7.1 Channels of communication
Surveyed customers have interacted with local authority building standards using a variety of channels. Telephone and email communications are the most popular forms (together accounting for 62% of responses) followed by hard-copy letters and on-site visits (Figure 23). These results are almost identical to the findings from 2018.
On average, customers reported using 2.6 channels of communication and the proportional mix is broadly similar between applicants and agents, although direct applicants are more likely to interact via an on-site visit (20%) compared to agents (13%).
Figure 23 Channels of interaction
The 1% of responses classified as ‘other’ primarily stem from direct applicants interacting with the building standards service via an agent, architect or builder. Both agents and direct applicants using the e-portal and attending meetings were also stated.
7.2 Written information and documentation
On a scale from 1 ‘very poor’ to 10 ‘very good’, customers were asked to rate different aspects of the written information and documentation they received from their local authority.
The resulting average ratings fall between 7.7 and 8.1 out of 10, demonstrating an increase on figures of between 7.6 and 7.9 in 2018 and between 7.4 and 7.8 in 2017 (Figure 24).
Figure 24 Quality of written information and documentation
7.3 Electronic communications
Just under three quarters of customers (74%) reported having visited the building standards section of their local authority’s website. This is a decrease from 79% in 2018. Instances of visiting the website are higher among surveyed agents (84%) than direct applicants (70%), although the gap has narrowed by 4% since 2018 – Figure 25.
Figure 25 Whether visited the building standards section of the local authority website
Customers were asked to rate their satisfaction with specific forms of electronic communication made available by their local authority building standards service.
Three quarters (75%) are satisfied with email communications – an increase of 4% from 2018. Two thirds (66%) are satisfied with the local authority’s website – a slight rise from 65% in 2018.
The base number of respondents rating their satisfaction with SMS/text message and e-newsletter communications is about half that of other forms, indicating that these methods of communication are not as widespread (Figure 26).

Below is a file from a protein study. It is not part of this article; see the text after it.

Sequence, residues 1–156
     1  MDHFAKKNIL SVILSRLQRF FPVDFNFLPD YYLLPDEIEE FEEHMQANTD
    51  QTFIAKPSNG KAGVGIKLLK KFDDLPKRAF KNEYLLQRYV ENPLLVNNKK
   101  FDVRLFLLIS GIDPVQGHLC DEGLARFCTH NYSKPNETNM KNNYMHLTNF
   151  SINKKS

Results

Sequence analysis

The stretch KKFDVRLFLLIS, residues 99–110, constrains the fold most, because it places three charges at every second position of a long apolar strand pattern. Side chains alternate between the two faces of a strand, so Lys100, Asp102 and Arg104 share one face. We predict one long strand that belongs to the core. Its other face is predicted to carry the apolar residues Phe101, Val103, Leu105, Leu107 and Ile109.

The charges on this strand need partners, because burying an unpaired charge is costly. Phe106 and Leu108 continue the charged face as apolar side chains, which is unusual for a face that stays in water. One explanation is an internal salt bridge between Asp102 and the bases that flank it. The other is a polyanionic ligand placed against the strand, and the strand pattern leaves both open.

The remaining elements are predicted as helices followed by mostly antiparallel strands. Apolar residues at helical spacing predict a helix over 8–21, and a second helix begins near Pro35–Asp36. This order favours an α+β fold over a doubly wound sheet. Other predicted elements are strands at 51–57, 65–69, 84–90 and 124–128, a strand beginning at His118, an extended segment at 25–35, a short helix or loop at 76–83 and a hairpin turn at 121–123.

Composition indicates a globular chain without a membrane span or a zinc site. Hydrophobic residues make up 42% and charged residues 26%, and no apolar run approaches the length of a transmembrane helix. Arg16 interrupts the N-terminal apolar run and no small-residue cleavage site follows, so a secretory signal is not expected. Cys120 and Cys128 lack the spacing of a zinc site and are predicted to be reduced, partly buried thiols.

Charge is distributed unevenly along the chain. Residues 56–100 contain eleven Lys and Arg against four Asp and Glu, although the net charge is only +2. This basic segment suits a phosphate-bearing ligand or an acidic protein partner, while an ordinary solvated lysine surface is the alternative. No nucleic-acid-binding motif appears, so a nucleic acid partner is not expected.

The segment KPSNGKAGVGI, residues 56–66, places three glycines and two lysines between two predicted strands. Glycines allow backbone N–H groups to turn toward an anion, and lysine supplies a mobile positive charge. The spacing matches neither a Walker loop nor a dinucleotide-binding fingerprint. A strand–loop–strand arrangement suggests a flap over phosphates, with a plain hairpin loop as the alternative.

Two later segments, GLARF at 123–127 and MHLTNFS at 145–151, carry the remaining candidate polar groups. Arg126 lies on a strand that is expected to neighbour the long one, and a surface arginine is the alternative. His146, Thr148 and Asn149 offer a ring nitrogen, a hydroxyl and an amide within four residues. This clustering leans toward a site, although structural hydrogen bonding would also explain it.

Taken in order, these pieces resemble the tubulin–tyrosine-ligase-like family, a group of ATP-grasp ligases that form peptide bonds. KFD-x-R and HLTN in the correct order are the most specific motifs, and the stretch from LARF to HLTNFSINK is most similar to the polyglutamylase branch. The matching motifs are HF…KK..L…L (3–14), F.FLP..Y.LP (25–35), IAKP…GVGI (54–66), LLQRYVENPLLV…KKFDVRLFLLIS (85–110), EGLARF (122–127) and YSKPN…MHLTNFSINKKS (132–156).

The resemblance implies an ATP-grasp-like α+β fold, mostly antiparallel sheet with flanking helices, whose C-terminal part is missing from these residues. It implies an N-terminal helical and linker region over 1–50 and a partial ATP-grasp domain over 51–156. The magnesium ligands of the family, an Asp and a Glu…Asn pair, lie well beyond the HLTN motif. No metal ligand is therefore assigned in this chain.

Figure 26 Satisfaction with electronic communications
Customers stating ‘very/fairly dissatisfied
Respondents stating ‘fairly dissatisfied’ or ‘very dissatisfied’ with respect to at least one of the above forms of electronic communication were asked to give their reasons.
Based on 326 responses, the main themes echo those raised over the past five years. In particular:
- Emails are not always answered, or the speed of response is slow;
- Websites are confusingly laid out and unintuitive, making it difficult to find the information needed, and some information is significantly out of date.
“The website is poor, difficult to navigate and it’s difficult to find what you are looking for.”
“I did not receive a prompt response to my email about arranging inspection visit and had to chase it up by phone.”
There were very few reasons provided by customers dissatisfied with SMS/text message and e-newsletter communications. Most seemed unaware that communications might be available through these channels.
7.4 E-building standards
Whilst a direct question was not asked on the topic of e-building standards, there has been some feedback consistent with the 2017 and 2018 reports.
The small number of customers commenting on the e-building standards portal note that it could be altered so as to be simpler and more intuitive to use, and that accompanying guidance would be beneficial. Some suggest that the portal could be extended to automatically include all correspondence related to an application.
7.5 Improving communications in the future
Customers were asked in what ways the local authority building standards service could improve its overall communications in the future. The main suggestions include:
- Returning phone calls and emails more efficiently and timeously, with many respondents suggesting this is non-existent;
- Improving response times on applications, or providing a more realistic timescale at the outset;
- Providing a capability to effectively track applications and responses;
- Being more proactive, customer oriented and commercially aware;
- Employing more staff;
- Ensuring greater consistency and clarity in the knowledge and quality of service from all staff, within and between local authorities;
- Improving navigability and functionality of the website to ensure it is more user-friendly;
- Using clearer (plain) English in written documents;
- Providing clearer and more specific instructions for the actions that applicants need to take;
- Providing relevant and up-to-date information, especially online.
“Overhaul the language and covering letter for the building warrant as it's confusing and unhelpful - a contrast to the help and friendliness of the actual staff working at the council. Plain English is needed with a step by step guide for applicants/recipients, including how to apply for a completion certification (there is nothing on this in the warrant that was sent to me).”
“It would be very helpful if reports stated specifically what information the officer was looking to be provided … rather than quoting the regulation.”
“Respond or provide acknowledgement of receipt of emails in a timely manner.”
“Provide a better website and explain conditions put on developments more clearly. Also, when quoting clauses from standards the current standard should be used. In one case a standard from 2000 was quoted and the latest standard was revised in 2016.”